Barbara O'Brien -- who blogs at Mahablog, and who occasionally writes for Crooks and Liars and Alternet -- reflects the frustration many Americans feel as they watch President Obama attempt to steer a health care bill through Congress.
We tend to forget that Tommy Douglas faced many of the same frustrations and distortions in his battle to bring public health care to Saskatchewan. It was his drive and his courage which made Medicare a reality for all Canadians. Like Senator Kennedy, Douglas left a legacy which has long outlived him.
The benefits of public health care are myriad. In this guest post, Ms. O'Brien touches on just a few:
Would Health Care Reform Help You?
Many obstacles and stumbling blocks remain in the way of health care reform. The House and Senate bills will have to be merged, and then the House and Senate both will vote on the final bill. We don’t yet know what will be in the final bill, or if the final bill will be passed into law. Passage will be especially difficult in the Senate, where it will need 60 votes to pass. It is still possible that after all this angst, just one grandstanding senator could kill the whole thing.
But just for fun, let’s look at what conventional wisdom says will be in the final bill and see if there is anything in it that will be an immediate benefit to people with mesothelioma and other asbestos-related disease.
It is likely that the final bill will provide additional funding for state high-risk insurance pools. Currently more than 30 states run such pools, which are nonprofit, state-sponsored health insurance plans for people who can’t buy insurance because of pre-existing conditions. The biggest problem with such pools is that, often, the insurance they offer is too expensive for many who might need it. Both the Senate and House bills provide $5 billion in subsidies for state high-risk pools to make the insurance more affordable.
Under the Senate bill, beginning in 2014, private companies would no longer be able to deny coverage to adults with pre-existing conditions, nor could they charge higher premiums for people with pre-existing conditions. Until then, the state high-risk pools could provide some help.
Closing the Medicare Part D coverage gap — also called the “doughnut hole” — is another potential provision that could help some patients with asbestos-related disease. The “doughnut hole” is the gap between the coverage for yearly out-of-pocket expenses provided by Medicare Part D and Medicare’s “catastrophic coverage” threshold.
For example, in 2009 Medicare Part D paid at least 75 percent of what patients paid for prescription drugs up to $2,700. After that, patients must pay for all of their prescription medications until what they have paid exceeds $6,154. At that point, the catastrophic coverage takes over, and Medicare pays for all but 5 percent of the patient’s drug bills. The final health care reform bill probably will provide for paying at least 50 percent of out-of-pocket costs in the doughnut hole.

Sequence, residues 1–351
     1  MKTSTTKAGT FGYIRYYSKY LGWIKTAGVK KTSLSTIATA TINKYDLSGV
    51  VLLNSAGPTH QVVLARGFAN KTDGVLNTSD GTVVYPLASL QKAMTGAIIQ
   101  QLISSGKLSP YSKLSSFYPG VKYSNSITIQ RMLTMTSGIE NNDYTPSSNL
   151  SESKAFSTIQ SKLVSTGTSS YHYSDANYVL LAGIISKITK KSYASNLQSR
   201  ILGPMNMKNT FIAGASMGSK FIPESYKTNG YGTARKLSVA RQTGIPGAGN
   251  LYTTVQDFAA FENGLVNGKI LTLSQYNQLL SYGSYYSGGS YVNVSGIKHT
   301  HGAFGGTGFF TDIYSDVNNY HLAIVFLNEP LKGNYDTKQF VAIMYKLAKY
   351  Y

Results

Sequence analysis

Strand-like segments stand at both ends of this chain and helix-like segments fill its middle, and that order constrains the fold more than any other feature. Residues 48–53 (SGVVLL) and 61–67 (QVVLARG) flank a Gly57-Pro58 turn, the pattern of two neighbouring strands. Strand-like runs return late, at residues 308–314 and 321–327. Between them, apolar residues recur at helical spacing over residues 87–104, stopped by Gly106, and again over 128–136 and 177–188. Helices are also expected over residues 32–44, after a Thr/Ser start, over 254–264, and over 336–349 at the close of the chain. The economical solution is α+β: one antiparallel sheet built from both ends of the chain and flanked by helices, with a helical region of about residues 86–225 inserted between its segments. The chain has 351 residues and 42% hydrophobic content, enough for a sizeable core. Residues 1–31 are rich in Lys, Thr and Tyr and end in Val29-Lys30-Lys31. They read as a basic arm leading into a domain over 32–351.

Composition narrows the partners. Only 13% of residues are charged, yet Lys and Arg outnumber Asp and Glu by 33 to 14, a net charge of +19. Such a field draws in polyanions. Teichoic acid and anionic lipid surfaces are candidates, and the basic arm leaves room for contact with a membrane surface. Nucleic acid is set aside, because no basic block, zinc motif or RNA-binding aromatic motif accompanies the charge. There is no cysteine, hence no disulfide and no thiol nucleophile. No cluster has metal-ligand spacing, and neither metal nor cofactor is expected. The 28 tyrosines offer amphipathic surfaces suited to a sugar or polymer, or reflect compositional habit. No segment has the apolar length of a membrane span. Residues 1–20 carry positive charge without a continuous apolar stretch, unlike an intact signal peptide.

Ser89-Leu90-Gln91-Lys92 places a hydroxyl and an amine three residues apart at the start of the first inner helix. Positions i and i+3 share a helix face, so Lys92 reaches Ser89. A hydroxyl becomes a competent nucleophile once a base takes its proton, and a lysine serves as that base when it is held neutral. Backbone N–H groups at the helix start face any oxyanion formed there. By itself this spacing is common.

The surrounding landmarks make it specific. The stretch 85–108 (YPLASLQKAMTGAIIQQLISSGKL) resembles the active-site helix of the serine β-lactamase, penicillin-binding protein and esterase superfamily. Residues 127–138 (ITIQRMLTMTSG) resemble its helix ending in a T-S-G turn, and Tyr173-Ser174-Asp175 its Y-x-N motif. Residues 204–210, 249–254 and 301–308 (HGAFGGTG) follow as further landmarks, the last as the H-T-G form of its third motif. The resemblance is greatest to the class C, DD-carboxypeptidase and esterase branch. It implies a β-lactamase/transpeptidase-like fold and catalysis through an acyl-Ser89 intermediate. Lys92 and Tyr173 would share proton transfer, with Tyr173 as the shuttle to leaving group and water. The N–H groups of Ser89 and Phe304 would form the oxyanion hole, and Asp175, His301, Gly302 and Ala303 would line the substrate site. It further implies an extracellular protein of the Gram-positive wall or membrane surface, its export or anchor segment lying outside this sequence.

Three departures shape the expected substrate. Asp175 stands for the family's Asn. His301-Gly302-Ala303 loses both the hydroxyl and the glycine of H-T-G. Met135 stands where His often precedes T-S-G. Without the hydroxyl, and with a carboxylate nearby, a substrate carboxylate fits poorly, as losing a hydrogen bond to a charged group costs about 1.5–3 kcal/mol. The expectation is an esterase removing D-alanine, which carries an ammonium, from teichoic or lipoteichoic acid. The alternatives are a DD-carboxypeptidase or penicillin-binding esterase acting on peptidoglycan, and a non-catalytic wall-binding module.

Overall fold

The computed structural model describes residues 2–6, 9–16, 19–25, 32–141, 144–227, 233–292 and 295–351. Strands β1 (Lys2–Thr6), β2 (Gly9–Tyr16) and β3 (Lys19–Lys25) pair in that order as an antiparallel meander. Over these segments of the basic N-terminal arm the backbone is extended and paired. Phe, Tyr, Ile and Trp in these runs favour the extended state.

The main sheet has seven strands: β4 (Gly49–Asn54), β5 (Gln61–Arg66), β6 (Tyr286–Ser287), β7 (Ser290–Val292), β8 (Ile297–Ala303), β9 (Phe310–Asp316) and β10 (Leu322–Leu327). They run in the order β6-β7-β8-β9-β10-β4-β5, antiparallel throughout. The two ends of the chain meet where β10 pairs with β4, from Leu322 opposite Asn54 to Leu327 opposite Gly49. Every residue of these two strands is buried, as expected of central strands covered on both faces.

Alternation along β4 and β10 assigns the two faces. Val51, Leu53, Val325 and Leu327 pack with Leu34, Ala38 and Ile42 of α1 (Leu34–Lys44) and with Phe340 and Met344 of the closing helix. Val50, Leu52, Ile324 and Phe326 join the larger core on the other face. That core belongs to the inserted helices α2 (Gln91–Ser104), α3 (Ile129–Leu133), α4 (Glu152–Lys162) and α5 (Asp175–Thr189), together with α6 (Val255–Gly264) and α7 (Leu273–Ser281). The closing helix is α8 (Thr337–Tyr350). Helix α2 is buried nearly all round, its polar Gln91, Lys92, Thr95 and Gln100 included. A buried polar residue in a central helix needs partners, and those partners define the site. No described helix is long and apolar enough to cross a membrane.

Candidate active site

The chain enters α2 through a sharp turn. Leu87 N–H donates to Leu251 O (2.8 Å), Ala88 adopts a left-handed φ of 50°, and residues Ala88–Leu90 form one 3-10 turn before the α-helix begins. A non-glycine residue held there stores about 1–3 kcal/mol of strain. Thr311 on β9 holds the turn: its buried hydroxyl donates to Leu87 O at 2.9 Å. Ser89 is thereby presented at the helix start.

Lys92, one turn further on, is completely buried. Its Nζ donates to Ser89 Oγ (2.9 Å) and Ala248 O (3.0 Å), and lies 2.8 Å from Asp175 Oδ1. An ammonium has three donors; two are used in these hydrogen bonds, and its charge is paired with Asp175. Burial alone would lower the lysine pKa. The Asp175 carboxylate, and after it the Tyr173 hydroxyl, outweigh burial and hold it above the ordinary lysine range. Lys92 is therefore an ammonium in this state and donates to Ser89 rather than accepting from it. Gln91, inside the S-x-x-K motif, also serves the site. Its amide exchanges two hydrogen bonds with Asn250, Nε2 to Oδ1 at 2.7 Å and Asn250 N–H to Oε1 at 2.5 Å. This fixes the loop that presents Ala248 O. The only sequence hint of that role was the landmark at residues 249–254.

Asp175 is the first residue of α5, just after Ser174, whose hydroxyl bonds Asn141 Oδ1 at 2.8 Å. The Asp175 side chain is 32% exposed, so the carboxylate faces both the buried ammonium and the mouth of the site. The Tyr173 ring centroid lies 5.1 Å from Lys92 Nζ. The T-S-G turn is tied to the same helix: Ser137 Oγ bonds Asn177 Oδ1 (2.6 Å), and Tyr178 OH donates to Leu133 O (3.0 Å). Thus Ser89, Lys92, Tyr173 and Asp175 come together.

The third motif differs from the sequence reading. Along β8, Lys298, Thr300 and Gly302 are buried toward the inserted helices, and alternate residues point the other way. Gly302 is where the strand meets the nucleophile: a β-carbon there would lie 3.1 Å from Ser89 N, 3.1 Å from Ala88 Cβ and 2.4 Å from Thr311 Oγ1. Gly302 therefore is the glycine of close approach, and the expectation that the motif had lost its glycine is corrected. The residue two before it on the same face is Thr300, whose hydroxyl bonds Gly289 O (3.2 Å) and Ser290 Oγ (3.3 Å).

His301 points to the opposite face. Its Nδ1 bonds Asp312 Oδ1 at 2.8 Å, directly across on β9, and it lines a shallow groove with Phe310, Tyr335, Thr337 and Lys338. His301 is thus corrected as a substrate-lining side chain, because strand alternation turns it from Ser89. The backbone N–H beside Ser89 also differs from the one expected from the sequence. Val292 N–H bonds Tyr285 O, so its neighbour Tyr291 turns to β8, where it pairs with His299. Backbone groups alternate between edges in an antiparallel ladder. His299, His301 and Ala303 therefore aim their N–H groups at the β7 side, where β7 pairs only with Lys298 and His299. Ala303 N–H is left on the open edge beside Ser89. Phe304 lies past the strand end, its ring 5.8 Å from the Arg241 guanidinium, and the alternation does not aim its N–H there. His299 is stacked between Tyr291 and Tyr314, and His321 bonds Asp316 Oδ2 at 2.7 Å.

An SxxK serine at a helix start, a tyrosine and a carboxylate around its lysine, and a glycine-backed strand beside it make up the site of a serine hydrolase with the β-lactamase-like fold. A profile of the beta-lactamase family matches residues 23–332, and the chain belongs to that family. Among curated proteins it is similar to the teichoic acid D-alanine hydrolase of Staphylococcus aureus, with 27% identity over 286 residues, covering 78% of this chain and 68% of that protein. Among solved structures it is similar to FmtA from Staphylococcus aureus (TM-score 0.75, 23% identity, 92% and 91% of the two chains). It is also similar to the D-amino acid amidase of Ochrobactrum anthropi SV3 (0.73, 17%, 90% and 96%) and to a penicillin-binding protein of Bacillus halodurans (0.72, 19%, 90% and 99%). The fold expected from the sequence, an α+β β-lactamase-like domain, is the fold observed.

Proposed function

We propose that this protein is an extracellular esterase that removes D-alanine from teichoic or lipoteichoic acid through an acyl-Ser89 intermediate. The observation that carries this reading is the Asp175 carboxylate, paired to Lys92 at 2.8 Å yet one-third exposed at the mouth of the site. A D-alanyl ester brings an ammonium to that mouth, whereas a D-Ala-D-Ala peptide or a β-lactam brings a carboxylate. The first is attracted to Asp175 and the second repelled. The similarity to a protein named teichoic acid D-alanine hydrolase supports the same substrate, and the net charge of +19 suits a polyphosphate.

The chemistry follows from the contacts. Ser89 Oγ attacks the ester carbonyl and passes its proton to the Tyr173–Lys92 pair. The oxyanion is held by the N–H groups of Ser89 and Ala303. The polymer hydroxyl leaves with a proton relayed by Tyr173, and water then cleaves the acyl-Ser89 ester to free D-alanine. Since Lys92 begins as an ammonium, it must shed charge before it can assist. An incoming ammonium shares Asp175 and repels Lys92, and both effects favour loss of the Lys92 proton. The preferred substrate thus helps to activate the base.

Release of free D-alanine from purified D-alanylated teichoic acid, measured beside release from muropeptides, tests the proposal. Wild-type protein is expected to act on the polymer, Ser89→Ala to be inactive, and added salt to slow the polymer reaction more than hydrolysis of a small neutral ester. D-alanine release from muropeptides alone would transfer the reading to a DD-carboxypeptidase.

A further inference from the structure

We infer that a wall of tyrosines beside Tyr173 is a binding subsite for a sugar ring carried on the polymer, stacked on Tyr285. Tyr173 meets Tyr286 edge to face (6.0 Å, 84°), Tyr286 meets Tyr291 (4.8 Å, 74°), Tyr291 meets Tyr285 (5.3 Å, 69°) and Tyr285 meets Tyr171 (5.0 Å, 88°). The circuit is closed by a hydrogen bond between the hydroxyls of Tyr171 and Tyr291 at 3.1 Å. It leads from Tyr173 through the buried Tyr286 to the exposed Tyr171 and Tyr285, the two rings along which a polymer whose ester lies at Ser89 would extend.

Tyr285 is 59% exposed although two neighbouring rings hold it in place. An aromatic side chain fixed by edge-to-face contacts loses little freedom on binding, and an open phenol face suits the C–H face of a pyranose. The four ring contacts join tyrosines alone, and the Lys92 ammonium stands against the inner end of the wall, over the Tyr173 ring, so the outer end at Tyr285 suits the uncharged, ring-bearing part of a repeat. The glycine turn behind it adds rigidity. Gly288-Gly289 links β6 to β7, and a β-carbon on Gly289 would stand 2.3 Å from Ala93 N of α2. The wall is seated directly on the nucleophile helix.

You may have heard the bills include budget cuts to the Medicare program, and this has been a big concern to many people. Proponents of the bill insist that savings can be found to pay for the cuts, and that people who depend on Medicare won’t face reduced services. But this is a complex issue that I want to address in a later post.
The long-term provisions probably will include many other provisions that would benefit patients with asbestos-related disease, including increased funding for medical research. Although there are many complaints about the bill coming from all parts of the political spectrum, on the whole it would be a huge benefit to many people. — Barbara O’Brien
March 9, 2010
The Conservatives' proposed budget -- which was the highlight of last week's return of Parliament -- was a remarkable document, for several reasons. But it was most remarkable for its optimistic projections of economic growth.
Finance Minister Jim Flaherty claimed that the economists he consulted assured him that Canada would experience "moderate growth" for the next five years. But one should remember that, the last time he consulted economists, none of them (according to Mr Flaherty) forecast the recession -- which arrived, full blown, shortly after the Conservatives were elected.
As the above clip demonstrates, Mr. Flaherty has a talent for denial -- as does his boss, the Prime Minister. After all, it was Mr. Harper who claimed during the election campaign that "The country will not go into recession next year and will lead the G7 countries." And it was Mr. Flaherty who promised that "We will not run a deficit." Yet, this week, the Finance Minister boldly asserted that -- while the country is now in hock to the tune of $55.9 billion -- it is not facing a structural deficit, despite what Parliamentary Budget Officer Kevin Page claims; and, therefore, there is no need to raise taxes.
Except the budget does raise taxes -- by increasing Employment Insurance premiums an additional fifteen cents on every $100 of insurable earnings. This tax increase is broad based. It hits everyone who brings home a pay cheque. But, as he raised taxes on every working Canadian, Mr. Flaherty reduced taxes on corporations yet again. When the Conservatives came to power, the corporate tax rate was 22.12%; they reduced it to 19.5% two years ago, then to 18% last year. The government plans to further reduce the rate to 15% by 2012. "We are staying the course," Mr. Flaherty bragged, "to having the lowest corporate income tax rate in the G7 (group of nations) by 2012."